George Will’s April 18, 2018, column is on the new movie, “The Little Pink House,” about the Kelo case, in which eminent domain was granted for commercial developers. Will characterizes it as “a bite-your-nails true-story thriller featuring heroes, villains and a history-making struggle over . . . the Constitution’s takings clause.” Those of us dealing with greedy pipeline developers know all about being on the receiving end of eminent domain lawsuits filed by for-profit companies arguing that their pipelines carrying fossil fuel are for the public good.
Will explains the background of the 1998 New London CT case, where a private development company wanted to entice big pharmaceutical company Pfizer to locate on land in a blue-collar residential neighborhood, and the city of New London allowed the development company “to wield the awesome, potentially life-shattering power of eminent domain if, as happened, it failed to persuade all the homeowners to sell for an upscale private development to ‘complement’ Pfizer’s facility. Some, led by Susette Kelo…, refused.”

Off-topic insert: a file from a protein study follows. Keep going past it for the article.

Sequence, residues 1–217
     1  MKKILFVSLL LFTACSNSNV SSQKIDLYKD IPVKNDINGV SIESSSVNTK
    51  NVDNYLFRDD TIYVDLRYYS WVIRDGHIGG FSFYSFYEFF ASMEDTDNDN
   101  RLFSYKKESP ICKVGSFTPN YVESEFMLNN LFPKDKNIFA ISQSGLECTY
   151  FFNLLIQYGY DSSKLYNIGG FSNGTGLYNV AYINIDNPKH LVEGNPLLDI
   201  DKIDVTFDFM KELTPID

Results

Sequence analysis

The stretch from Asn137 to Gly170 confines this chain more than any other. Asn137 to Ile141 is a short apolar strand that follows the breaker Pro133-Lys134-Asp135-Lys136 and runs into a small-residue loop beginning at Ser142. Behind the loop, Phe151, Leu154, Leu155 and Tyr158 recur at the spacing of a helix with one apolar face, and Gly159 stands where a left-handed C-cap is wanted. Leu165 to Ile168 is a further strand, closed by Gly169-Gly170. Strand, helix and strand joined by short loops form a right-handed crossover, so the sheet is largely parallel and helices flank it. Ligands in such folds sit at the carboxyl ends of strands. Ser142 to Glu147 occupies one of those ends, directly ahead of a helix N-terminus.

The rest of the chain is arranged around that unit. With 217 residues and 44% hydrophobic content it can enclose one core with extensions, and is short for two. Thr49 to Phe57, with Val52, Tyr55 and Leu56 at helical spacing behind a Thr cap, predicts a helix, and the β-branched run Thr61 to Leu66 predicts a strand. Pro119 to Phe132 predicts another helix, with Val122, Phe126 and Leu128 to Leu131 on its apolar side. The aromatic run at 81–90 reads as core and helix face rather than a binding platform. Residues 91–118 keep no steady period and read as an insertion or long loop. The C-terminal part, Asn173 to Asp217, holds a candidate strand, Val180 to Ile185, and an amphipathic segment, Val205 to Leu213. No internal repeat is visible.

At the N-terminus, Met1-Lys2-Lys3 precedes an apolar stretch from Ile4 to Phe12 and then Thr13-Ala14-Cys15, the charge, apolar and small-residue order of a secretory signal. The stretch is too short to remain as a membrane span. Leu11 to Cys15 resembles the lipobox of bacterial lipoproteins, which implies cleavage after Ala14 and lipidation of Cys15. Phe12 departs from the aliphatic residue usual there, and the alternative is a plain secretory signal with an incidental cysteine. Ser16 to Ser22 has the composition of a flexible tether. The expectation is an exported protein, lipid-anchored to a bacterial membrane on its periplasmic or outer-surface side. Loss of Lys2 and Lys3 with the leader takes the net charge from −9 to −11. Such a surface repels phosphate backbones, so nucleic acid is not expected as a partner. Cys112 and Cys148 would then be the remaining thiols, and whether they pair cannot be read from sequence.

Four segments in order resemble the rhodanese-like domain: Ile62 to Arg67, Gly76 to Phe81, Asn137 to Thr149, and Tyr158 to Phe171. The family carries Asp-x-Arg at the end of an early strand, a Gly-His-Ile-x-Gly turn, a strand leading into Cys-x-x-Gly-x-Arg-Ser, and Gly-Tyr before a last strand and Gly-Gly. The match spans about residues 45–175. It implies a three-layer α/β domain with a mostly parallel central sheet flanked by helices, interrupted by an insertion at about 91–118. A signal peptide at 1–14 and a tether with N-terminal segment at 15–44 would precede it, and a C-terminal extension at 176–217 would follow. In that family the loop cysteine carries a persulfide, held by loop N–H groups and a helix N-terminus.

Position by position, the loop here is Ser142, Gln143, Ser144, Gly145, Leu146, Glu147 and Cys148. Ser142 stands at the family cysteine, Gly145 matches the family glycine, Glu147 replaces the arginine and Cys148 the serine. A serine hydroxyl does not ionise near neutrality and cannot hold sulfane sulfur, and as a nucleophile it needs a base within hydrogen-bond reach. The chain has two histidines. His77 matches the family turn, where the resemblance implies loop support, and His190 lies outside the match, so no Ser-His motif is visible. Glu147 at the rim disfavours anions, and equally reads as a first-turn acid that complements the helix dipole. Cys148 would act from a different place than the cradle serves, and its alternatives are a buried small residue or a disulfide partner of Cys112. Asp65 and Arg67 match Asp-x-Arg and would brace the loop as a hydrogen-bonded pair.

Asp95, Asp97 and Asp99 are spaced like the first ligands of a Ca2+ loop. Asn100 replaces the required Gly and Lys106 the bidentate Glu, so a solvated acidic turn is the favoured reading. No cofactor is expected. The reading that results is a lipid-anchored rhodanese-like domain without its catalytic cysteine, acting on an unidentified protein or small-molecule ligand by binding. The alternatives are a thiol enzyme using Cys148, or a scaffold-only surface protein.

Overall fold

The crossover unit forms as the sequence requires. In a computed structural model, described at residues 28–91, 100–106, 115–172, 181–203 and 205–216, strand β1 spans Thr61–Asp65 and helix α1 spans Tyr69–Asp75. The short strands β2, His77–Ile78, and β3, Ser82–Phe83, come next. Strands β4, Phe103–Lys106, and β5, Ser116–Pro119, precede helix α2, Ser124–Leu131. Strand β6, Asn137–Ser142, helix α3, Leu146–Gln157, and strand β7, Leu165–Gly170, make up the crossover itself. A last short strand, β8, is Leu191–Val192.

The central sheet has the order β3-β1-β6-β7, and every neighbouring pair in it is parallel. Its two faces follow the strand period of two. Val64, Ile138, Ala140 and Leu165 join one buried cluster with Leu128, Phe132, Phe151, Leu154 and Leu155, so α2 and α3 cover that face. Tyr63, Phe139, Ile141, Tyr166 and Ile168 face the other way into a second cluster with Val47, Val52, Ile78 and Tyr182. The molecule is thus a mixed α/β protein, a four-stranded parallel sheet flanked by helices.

Kelo vs City of New London, lost in the Connecticut Supreme Court in a 4-3 decision, then went on to the US Supreme Court, which, in a 5-4 decision, accepted the state court’s arguments, virtually erasing the Constitution’s circumscription of government’s eminent-domain power.
Will summarizes the Court’s action: “To seize Kelo’s pink house, New London did not assert blight. Instead, it argued that ‘public use’ is synonymous with ‘public benefit,’ and that the public would benefit more from Pfizer paying more taxes than would Kelo and her neighbors. During oral arguments, Justice Antonin Scalia distilled New London’s argument: ‘You can take from A to give to B if B pays more taxes.’ In a dissent joined by Chief Justice William H. Rehnquist and Justices Clarence Thomas and Scalia, Justice Sandra Day O’Connor warned that the decision’s consequences ‘will not be random’: Factions whose affluence makes them desirable taxpayers and whose political influence makes them politically potent will join governments in seizing the property of low-income citizens who are not as lucrative for local governments.”
The decision gave government officials the power to bulldoze a neighborhood for the benefit of a multibillion-dollar corporation. Which they did. BUT THEN – the project that prompted the lawsuit, for which people lost their homes, and for which the residential area was bulldozed, never happened.
Sound like a familiar strategy? You bet it does!
Read George Will’s full column here.
Watch the movie trailer here.